Date of Award

6-23-2019

Document Type

Thesis and Dissertation

Degree Name

Master of Science (MS)

Department

Department of Psychology: Clinical-Counseling Psychology

First Advisor

Daniel G. Lannin

Abstract

In today’s American culture, people experience high rates of distress and depression (Kessler et al., 2005). Self-affirmation theory has been shown to help people reduce stress and defensiveness in the face of a wide variety of stressors. A shortcoming of self-affirmation exercises is that there are barriers to using them in naturalistic settings. One such barrier is that the affirmation content needs to be regulated so that it is not closely related to the salient stressor or else the effects of the affirmation could be counteracted. The current study sought to use a prompt-guided value selection for the self-affirmation exercise in order to bypass the need for researcher intervention in the values selection process. The results of a three-way ANOVA showed that the two prompt-guided self-affirmation conditions were not significantly different that the control condition for any of the measures used. Implications of these findings and suggestions for future research are discussed.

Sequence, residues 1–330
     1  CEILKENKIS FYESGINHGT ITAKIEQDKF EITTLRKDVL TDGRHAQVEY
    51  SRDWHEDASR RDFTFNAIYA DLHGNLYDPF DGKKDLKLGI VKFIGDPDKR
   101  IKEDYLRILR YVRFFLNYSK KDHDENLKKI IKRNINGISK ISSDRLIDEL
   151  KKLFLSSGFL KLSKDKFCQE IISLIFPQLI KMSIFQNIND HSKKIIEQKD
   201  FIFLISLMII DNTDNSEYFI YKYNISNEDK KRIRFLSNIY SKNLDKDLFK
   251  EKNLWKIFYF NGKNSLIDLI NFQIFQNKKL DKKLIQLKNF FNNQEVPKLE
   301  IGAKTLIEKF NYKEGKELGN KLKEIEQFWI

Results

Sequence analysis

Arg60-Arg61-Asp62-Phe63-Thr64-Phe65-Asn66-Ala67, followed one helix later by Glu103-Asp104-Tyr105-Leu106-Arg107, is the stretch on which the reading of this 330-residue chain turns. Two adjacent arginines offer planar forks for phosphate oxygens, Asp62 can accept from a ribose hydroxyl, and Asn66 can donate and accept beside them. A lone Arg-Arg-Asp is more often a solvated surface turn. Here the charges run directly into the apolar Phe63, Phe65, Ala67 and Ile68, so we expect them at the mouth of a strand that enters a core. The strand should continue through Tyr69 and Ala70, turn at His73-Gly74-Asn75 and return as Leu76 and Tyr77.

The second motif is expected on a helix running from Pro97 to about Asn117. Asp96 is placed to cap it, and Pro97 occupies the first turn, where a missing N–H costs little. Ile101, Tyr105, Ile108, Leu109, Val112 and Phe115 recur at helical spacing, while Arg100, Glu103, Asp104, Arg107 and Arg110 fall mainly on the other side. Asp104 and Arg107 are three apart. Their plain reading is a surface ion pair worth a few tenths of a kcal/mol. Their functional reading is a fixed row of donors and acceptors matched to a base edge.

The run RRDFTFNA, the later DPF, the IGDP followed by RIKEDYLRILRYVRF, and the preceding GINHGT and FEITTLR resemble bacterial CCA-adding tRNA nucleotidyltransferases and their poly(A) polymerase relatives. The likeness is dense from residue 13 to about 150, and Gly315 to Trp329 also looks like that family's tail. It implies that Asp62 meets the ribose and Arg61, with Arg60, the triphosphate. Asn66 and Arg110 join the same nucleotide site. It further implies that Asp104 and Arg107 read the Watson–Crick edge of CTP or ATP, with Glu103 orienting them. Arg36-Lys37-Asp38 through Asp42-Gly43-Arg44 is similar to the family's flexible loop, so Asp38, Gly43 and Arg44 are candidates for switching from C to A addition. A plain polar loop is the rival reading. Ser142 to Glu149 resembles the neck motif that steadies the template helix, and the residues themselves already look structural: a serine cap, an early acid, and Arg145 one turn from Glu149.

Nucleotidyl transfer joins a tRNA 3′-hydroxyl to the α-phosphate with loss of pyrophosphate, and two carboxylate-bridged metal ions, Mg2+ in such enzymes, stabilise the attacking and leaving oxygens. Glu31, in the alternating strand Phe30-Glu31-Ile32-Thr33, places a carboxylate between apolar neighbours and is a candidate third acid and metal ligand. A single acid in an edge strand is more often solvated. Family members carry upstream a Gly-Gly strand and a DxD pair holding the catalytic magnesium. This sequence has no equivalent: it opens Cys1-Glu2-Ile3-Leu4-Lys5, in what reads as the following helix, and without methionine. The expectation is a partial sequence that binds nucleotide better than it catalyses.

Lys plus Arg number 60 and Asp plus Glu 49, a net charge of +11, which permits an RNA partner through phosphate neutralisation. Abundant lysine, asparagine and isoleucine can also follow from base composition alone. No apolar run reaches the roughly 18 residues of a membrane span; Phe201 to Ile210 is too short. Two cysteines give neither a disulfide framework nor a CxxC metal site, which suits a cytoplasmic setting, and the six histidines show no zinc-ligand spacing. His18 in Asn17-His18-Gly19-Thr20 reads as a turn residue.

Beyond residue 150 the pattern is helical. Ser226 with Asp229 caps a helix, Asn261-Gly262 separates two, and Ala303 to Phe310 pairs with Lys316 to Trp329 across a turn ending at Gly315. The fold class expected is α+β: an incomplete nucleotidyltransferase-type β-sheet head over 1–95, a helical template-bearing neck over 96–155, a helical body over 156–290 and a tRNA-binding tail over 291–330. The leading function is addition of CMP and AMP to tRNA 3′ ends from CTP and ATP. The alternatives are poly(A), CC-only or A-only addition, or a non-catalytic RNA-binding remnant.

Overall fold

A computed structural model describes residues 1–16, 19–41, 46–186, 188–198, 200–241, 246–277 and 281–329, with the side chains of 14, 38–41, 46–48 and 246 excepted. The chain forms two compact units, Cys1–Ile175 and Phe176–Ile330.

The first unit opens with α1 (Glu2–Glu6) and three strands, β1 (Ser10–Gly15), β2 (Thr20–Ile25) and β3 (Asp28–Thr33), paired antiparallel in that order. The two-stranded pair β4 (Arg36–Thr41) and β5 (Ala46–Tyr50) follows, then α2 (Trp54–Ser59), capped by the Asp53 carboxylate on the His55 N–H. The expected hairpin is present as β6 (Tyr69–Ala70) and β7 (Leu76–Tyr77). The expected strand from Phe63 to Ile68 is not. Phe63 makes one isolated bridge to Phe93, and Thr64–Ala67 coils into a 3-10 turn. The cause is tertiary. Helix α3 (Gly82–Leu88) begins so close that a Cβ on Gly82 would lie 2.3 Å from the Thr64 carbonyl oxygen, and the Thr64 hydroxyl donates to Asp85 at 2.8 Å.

Comments

Imported from ProQuest Wicker_ilstu_0092N_11524.pdf

DOI

http://doi.org/10.30707/ETD2019.Wicker.I

Page Count

59

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